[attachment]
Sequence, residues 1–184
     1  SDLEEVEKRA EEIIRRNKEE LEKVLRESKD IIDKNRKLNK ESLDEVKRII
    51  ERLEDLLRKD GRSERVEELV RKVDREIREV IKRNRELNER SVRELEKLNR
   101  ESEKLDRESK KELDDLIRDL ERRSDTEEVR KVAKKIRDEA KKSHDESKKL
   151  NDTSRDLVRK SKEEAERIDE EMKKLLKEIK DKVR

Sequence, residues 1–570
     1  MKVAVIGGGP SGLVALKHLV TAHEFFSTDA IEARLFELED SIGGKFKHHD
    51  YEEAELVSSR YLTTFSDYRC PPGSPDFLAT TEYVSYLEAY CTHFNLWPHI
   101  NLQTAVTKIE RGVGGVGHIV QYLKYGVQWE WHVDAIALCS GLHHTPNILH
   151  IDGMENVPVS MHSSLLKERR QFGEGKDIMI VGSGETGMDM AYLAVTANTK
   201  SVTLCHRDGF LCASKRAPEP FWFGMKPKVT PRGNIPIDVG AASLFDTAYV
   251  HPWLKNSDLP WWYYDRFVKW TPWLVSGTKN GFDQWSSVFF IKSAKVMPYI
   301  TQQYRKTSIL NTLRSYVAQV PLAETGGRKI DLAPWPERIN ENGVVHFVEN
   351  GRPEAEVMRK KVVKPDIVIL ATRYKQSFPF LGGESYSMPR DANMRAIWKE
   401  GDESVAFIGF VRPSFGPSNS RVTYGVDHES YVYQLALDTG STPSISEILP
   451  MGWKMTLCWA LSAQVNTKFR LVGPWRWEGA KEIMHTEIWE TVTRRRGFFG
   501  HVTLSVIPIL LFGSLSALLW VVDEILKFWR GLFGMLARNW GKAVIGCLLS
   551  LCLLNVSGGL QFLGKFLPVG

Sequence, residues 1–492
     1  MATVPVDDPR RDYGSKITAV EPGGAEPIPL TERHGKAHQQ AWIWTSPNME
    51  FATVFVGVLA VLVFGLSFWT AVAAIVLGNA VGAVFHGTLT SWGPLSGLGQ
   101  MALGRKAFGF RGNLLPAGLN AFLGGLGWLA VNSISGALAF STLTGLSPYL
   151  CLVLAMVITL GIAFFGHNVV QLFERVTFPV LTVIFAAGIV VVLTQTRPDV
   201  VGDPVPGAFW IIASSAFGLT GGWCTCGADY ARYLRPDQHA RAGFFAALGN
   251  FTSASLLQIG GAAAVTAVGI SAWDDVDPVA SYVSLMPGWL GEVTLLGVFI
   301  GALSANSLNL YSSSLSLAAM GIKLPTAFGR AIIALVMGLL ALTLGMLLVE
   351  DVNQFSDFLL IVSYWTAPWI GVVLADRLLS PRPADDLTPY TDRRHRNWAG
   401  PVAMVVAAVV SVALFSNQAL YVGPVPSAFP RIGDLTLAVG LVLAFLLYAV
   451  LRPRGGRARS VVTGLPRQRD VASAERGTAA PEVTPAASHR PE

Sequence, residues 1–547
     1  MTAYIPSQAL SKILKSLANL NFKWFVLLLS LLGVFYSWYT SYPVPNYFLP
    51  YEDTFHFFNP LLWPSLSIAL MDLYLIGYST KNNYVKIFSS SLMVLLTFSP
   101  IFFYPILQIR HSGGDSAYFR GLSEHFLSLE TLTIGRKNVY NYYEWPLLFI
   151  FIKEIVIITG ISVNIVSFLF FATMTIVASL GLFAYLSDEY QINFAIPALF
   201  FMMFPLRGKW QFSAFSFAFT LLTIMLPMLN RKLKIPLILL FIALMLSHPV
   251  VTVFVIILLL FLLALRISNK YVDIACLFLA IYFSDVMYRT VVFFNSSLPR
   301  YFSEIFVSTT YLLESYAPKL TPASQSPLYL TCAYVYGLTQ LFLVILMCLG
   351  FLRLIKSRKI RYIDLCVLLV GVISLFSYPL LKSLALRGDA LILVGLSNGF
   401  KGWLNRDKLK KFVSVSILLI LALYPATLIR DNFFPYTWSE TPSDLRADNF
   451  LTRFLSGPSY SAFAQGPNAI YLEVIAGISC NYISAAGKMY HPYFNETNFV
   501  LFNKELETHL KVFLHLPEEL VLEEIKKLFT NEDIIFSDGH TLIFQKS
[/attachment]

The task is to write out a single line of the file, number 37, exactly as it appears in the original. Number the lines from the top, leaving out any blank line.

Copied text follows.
   301  YFSEIFVSTT YLLESYAPKL TPASQSPLYL TCAYVYGLTQ LFLVILMCLG